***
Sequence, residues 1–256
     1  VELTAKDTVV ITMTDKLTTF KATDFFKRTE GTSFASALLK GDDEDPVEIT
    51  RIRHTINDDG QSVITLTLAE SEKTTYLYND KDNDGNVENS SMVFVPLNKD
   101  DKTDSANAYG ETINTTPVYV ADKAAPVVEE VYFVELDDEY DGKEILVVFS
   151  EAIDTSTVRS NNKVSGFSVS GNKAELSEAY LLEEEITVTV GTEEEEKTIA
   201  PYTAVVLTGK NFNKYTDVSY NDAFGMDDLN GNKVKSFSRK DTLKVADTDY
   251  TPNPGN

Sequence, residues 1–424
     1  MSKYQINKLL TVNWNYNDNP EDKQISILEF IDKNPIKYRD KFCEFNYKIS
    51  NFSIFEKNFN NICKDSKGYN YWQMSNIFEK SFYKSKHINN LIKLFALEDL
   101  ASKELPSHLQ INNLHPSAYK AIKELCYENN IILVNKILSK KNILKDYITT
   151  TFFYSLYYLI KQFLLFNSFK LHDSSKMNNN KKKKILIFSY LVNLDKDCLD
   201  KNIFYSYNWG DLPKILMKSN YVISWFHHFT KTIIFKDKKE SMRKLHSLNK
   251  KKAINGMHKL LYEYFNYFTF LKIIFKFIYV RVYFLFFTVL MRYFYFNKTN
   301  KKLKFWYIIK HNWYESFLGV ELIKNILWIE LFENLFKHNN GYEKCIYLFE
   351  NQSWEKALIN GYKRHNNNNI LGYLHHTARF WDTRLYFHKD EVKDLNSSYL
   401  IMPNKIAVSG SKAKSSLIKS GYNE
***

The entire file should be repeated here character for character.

Sequence, residues 1–256
     1  VELTAKDTVV ITMTDKLTTF KATDFFKRTE GTSFASALLK GDDEDPVEIT
    51  RIRHTINDDG QSVITLTLAE SEKTTYLYND KDNDGNVENS SMVFVPLNKD
   101  DKTDSANAYG ETINTTPVYV ADKAAPVVEE VYFVELDDEY DGKEILVVFS
   151  EAIDTSTVRS NNKVSGFSVS GNKAELSEAY LLEEEITVTV GTEEEEKTIA
   201  PYTAVVLTGK NFNKYTDVSY NDAFGMDDLN GNKVKSFSRK DTLKVADTDY
   251  TPNPGN

Sequence, residues 1–424
     1  MSKYQINKLL TVNWNYNDNP EDKQISILEF IDKNPIKYRD KFCEFNYKIS
    51  NFSIFEKNFN NICKDSKGYN YWQMSNIFEK SFYKSKHINN LIKLFALEDL
   101  ASKELPSHLQ INNLHPSAYK AIKELCYENN IILVNKILSK KNILKDYITT
   151  TFFYSLYYLI KQFLLFNSFK LHDSSKMNNN KKKKILIFSY LVNLDKDCLD
   201  KNIFYSYNWG DLPKILMKSN YVISWFHHFT KTIIFKDKKE SMRKLHSLNK
   251  KKAINGMHKL LYEYFNYFTF LKIIFKFIYV RVYFLFFTVL MRYFYFNKTN
   301  KKLKFWYIIK HNWYESFLGV ELIKNILWIE LFENLFKHNN GYEKCIYLFE
   351  NQSWEKALIN GYKRHNNNNI LGYLHHTARF WDTRLYFHKD EVKDLNSSYL
   401  IMPNKIAVSG SKAKSSLIKS GYNE